Nation and Novel: The English Novel from Its Origins to the Present Day

Nation and Novel: The English Novel from Its Origins to the Present Day

Nation and Novel: The English Novel from Its Origins to the Present Day

Nation and Novel: The English Novel from Its Origins to the Present Day


What is "English" about the English novel, and how has the idea of the English nation been shaped by the writers of fiction? How do the novel's profound differences from poetry and drama affect its representation of national consciousness?

Nation and Novelsets out to answer these questions by tracing English prose fiction from its late medieval origins through its stories of rogues and criminals, family rebellions and suffering heroines, to the present-day novels of immigration. Major novelists from Daniel Defoe to the late twentieth century have drawn on national history and mythology in novels which have pitted Cavalier against Puritan, Tory against Whig, region against nation, and domesticity against empire. The novel is deeply concerned with the fate of the nation, but almost always at variance with official and ruling-class perspectives on English society.

Patrick Parrinder's groundbreaking new literary history outlines the English novel's distinctive, sometimes paradoxical, and often subversive view of national character and identity. This sophisticated yet accessible assessment of the relationship between fiction and nation will set the agenda for future research and debate.


English novels—like French, Russian, and American novels—are read all over the world, and the fact that they express and help to define a particular nationality is part of their appeal. Fictional narrative gives us an inside view of a society or nation, just as it gives access to personal experiences very different from our own. There are few more enjoyable ways of increasing our knowledge and satisfying our curiosity than reading a novel that we cannot put down. But the ideas and information that we derive from reading fiction are not always easy to single out. The Frenchness of a French novel, or the Russianness of a Russian novel, is a thing that most readers (whether native or foreign) only vaguely sense. Often it resides in impressions that are wholly or largely subconscious as well as in those that are crudely obvious. The same is true of English novels, with the added complication that English identity has itself come to be seen as notoriously elusive and idiosyncratic.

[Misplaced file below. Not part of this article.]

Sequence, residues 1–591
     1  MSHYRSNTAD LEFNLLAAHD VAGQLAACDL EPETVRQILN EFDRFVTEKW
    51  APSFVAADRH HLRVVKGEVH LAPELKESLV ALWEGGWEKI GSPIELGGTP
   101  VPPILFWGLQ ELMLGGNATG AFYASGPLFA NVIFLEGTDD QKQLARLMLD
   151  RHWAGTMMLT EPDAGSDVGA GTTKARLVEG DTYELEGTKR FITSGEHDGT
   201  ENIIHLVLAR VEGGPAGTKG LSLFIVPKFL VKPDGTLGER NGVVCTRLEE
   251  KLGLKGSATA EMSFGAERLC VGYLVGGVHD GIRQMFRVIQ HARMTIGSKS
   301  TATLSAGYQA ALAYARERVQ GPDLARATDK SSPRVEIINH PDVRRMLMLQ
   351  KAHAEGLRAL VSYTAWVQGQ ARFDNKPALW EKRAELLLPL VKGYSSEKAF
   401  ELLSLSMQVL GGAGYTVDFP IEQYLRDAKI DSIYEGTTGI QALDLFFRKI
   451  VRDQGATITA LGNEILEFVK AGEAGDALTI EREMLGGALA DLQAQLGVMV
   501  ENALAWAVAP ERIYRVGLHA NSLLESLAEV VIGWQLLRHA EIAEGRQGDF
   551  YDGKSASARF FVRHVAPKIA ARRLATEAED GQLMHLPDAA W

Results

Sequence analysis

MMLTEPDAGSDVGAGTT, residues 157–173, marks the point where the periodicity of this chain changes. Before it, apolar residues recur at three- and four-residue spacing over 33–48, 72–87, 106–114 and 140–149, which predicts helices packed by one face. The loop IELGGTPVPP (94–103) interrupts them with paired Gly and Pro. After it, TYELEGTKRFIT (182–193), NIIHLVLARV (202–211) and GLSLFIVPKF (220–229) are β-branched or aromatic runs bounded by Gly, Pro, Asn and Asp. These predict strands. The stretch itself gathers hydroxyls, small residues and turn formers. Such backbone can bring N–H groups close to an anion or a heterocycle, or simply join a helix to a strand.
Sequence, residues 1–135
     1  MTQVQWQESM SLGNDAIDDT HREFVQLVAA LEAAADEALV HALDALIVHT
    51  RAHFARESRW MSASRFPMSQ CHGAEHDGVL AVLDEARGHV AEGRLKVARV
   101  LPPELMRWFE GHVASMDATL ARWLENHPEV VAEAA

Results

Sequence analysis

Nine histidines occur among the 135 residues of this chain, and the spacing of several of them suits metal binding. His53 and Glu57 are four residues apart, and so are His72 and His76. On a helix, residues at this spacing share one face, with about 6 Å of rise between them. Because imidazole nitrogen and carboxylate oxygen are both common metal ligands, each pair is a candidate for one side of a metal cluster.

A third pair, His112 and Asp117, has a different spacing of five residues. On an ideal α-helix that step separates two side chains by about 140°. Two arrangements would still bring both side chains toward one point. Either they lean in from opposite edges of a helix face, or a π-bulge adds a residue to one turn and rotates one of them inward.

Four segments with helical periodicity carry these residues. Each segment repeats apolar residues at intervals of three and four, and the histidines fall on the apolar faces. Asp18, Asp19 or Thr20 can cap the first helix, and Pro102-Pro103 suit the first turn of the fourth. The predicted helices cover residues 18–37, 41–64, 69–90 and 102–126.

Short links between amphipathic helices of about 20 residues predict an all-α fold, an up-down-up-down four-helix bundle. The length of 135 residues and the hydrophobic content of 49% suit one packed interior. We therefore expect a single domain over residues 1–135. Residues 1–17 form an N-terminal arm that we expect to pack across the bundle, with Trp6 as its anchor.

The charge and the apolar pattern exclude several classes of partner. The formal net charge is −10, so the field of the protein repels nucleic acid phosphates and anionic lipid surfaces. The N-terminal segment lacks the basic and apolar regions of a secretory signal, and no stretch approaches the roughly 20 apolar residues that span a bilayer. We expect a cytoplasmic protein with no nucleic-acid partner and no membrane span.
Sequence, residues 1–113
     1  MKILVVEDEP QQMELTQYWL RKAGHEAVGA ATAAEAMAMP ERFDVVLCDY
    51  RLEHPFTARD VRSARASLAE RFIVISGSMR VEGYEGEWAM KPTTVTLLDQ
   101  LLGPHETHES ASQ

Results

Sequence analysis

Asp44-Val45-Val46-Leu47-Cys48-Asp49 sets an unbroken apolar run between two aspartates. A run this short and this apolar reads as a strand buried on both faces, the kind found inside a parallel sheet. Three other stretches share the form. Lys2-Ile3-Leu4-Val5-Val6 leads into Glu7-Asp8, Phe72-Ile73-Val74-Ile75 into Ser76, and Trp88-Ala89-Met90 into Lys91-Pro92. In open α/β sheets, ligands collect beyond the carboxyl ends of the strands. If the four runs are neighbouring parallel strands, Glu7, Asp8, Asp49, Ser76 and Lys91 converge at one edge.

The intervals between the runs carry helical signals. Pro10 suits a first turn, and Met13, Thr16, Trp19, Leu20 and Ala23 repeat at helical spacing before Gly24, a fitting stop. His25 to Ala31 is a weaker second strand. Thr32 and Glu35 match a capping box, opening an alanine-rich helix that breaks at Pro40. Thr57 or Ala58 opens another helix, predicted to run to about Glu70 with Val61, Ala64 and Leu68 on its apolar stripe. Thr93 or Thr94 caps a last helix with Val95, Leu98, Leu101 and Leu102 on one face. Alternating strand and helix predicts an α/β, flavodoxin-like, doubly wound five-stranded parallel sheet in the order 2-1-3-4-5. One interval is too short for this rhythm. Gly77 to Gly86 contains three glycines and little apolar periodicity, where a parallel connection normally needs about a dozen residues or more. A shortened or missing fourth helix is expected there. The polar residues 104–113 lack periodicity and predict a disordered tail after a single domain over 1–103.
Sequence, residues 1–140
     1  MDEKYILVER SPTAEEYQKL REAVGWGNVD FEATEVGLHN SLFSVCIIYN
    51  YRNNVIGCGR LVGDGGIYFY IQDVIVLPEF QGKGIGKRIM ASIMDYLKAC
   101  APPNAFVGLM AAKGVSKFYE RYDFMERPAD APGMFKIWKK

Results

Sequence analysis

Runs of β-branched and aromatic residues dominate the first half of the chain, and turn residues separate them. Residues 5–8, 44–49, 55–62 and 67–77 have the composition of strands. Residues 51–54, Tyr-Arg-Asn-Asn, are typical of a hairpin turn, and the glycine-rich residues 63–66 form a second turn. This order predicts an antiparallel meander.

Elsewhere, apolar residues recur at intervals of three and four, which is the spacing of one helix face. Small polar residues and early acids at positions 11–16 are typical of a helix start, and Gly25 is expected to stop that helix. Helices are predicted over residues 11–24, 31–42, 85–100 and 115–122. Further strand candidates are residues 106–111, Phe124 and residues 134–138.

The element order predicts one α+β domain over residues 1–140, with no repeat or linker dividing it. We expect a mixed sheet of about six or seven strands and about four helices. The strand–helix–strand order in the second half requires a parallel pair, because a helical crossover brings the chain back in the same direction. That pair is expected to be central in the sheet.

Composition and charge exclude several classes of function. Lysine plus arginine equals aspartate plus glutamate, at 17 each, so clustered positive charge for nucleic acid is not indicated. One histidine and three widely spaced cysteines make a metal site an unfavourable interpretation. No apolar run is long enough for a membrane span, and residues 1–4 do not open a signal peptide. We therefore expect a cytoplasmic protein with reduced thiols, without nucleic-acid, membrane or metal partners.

We must begin, then, with a brief preliminary account of what the historian E. P. Thompson once called 'the peculiarities of the English'. There is no written constitution and no readily available national ideology, as in the United States. There is no generally agreed name for the Anglo-British state (England? Great Britain? The United Kingdom? The UK?) except in a formal or ceremonial context. To the extent that the state is held together by time-worn institutions such as the monarchy, the House of Lords, and the national system of patronage and titles, it wins at best a grudging allegiance from many English—and Scottish, Welsh, and Northern Irish—people. But the British mainland with its three separate nationalities has learned to live fairly easily with political and cultural divisions. The necessity of division is enshrined in such typically English social forms as the adversarial system of justice and the two-party system (Government and Opposition) in Parliament.

What, then, is the novel's representation of Englishness? Does it reflect what seems to be the national characteristic of unity-in-division? If the answer to this question is far from being simple and straightforward, it is not only because of the multiplicity of English novels themselves. The . . .

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